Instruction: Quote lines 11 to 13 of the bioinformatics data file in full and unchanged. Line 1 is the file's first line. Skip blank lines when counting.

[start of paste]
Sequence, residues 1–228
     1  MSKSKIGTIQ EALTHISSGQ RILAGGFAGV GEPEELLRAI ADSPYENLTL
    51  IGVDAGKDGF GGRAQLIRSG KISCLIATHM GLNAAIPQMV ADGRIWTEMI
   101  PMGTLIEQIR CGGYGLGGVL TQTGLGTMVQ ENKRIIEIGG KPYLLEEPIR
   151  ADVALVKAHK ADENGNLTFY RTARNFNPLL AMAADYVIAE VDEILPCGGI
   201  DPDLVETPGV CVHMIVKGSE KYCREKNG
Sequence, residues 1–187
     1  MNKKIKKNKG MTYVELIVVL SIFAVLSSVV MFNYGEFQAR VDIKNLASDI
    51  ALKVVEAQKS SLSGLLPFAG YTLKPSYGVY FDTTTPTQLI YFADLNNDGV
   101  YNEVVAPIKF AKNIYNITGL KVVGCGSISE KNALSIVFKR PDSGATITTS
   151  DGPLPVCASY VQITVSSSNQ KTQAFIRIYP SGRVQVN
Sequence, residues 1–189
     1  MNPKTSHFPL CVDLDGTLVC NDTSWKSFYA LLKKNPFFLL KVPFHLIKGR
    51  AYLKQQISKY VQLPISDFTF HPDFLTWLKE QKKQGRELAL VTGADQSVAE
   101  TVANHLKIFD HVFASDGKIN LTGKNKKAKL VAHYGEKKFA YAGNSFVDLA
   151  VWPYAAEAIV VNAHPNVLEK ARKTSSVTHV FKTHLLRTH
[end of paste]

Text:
   151  DGPLPVCASY VQITVSSSNQ KTQAFIRIYP SGRVQVN
Sequence, residues 1–189
     1  MNPKTSHFPL CVDLDGTLVC NDTSWKSFYA LLKKNPFFLL KVPFHLIKGR